There is much scholarship packed into National Dish. If there is a quibble it is in the Tokyo chapter where von Bremzen asserts that Edo Japan (1603-1868) had for two centuries “shut out foreigners”. In fact there had been Western infiltration despite Japan’s “locked-down policy”. The Portuguese, and later the Dutch East India Company, were stationed on the island of Dejima, and members were required to travel up to Edo (now Tokyo); hence Western learning or rangaku – specifically science, medicine and art trickled through. Edo-era rangaku helped Japan survive the 19th century American invasion, and informed the subsequent Western-leaning Meiji era, with which von Bremzen is rightly obsessed.
National Dish finishes with the beetroot soup borsch in her Jackson Heights home. (The “t” in borscht is a Yiddish-Jewish addition.) Ukrainians and Russians have claimed this soup as their own. Gathered in von Bremzen’s apartment for the borsch evening are characters familiar from her Mastering the Art of Soviet Cooking – her mother Larisa and a couple, Toma and Andrei, who are originally from Kyiv. “I wasn’t sure,” she says, “that they’d want to see me again.”
“Every Russian,” she writes, “including myself seemed somehow complicit to me. I felt guilty for thinking in the imperialist language of Putin’s aggression, for the volumes by Pushkin and Tolstoy on my bookshelves… And if I started my national dish project comfortable with my own globalised cosmopolitanism, I felt existentially bereft now.”
What makes National Dish is von Bremzen’s writing, rich, urgent, and redolent of her literary heritage. Her mother Larisa was a bibliophile obsessed with France, but because she was from Moscow she had accepted, at the time she would never leave. Von Bremzen writes:
…Paris had featured intensively in my mother’s dreamlife. It was a mythical Elsewhere beyond the implacable Iron Curtain, a neverland desperately dear to her from Flaubert and Zola and her precious Proust, but so unattainable it could have been Mars.
Von Bremzen herself read hungrily as a child, dreaming of places and pasts that she too believed she would never attain. The National Dish chapters are self-contained essays, which echo the short stories of O Henry, Guy de Maupassant, and Anton Chekhov for each closes with a twist. If the chapter begins optimistically it will finish with a scorpion sting. If it starts bitterly it might conclude on a note heartrendingly sweet.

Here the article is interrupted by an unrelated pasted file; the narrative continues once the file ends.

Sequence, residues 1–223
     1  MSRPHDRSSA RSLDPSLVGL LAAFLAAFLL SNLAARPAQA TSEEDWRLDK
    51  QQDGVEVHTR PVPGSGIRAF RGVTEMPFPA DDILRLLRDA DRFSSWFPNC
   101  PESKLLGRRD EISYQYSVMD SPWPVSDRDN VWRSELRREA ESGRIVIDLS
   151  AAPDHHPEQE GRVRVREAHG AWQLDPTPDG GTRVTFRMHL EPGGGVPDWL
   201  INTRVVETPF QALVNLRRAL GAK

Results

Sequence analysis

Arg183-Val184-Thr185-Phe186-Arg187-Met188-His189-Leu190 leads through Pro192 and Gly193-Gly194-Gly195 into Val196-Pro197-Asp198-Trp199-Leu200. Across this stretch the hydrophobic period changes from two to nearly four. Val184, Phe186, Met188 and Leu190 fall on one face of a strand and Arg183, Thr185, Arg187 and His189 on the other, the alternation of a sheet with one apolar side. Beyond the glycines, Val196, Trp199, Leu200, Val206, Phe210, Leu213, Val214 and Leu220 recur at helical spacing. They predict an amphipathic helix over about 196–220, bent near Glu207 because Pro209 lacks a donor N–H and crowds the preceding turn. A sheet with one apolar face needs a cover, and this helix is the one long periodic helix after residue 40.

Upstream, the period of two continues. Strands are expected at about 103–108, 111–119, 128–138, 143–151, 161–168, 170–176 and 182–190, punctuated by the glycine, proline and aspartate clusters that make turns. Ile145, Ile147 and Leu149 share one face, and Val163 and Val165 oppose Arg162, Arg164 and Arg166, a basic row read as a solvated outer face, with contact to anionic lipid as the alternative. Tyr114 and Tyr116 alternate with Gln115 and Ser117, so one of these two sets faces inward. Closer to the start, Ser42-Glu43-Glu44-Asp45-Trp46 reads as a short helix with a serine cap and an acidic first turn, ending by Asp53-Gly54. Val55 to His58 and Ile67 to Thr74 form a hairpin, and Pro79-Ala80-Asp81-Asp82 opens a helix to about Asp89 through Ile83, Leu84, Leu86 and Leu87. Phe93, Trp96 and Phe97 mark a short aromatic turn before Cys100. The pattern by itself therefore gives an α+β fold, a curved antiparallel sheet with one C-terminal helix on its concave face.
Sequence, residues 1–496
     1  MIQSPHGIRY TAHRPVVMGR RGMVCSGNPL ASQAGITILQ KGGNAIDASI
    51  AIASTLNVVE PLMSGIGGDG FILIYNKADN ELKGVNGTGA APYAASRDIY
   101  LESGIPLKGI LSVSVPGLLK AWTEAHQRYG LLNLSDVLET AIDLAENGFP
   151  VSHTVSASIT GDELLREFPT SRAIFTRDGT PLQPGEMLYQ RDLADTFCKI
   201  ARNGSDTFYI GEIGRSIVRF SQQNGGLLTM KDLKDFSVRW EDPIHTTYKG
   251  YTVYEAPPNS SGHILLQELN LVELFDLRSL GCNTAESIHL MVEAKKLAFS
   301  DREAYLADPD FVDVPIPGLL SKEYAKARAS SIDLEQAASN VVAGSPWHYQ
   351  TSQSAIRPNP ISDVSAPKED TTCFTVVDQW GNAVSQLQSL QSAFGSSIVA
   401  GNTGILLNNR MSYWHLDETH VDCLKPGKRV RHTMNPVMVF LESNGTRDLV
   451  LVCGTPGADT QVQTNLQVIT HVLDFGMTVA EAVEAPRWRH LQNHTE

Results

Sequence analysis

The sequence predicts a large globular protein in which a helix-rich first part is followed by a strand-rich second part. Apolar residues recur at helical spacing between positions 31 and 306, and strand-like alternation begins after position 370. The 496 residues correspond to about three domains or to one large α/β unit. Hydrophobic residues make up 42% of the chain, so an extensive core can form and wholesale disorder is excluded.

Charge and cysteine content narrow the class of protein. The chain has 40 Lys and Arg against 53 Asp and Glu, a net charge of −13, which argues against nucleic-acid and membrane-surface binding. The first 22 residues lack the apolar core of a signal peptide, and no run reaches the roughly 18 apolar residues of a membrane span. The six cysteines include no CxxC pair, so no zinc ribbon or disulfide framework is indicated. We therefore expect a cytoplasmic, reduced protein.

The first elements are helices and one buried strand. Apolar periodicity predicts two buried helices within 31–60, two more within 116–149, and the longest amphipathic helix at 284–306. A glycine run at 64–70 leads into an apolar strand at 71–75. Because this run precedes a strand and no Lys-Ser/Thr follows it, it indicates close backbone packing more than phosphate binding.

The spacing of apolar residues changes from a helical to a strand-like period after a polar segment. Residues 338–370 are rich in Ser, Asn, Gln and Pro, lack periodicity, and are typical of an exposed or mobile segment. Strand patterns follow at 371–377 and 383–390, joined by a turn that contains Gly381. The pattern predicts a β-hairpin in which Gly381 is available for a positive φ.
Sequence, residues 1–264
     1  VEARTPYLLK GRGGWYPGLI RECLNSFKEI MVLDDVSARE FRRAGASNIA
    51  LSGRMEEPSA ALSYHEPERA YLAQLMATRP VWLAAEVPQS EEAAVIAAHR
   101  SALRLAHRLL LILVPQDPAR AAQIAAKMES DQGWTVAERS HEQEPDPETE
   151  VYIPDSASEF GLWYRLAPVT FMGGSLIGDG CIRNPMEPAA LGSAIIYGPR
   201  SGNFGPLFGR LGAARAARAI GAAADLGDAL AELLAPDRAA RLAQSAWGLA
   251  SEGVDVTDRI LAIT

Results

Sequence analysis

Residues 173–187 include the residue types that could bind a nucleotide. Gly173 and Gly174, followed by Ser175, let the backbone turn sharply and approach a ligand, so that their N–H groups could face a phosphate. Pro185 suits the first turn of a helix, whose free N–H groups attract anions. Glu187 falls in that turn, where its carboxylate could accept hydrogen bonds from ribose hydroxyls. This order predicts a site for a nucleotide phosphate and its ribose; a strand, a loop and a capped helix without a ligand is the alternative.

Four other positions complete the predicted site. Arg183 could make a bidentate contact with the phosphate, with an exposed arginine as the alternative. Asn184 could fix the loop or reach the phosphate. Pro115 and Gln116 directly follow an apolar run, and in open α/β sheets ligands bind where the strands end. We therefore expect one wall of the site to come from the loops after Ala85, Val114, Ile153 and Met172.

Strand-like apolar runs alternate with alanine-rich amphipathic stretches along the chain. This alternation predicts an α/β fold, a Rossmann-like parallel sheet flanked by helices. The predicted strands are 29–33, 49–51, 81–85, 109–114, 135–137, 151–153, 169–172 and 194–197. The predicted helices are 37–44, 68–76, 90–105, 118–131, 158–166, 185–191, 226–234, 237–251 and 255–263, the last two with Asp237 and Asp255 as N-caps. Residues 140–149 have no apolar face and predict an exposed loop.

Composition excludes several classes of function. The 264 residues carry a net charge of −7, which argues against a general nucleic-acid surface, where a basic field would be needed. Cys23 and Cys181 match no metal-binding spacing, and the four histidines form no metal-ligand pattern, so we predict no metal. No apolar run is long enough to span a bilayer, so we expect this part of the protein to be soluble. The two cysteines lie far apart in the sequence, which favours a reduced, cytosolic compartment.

Like her countryman Vladimir Nabokov, von Bremzen writes in English, which is not her first language, and from it she spins magical prose. Her food descriptions are not just sensual, they are novelistic, evoking the books that she has devoured. For instance her description of çilingir sofrası in Istanbul is as alluring as a painting, attended as it is “by rosy-skinned pistachios and dark curls of basturma”.
In National Dish von Bremzen evokes other writers, among them Richard Ford, Flaubert, Cervantes, Pushkin and Orhan Pamuk, and they haunt her pages. Perhaps “national dishes” are fictions, and while – as in the best of books – buried in them are contradiction and sorrow, there is also solace. We are, after all, a world of cooks and storytellers. Maybe we perpetually rewrite a dish’s narrative to give us comfort and to satisfy our curiosity, and, when that tale is finished we cradle it close to our hearts. In the end if we use fiction – with its mythology, enchantment and, indeed, its lies – to engage with food it can result in a plate that is one of life’s greatest joys.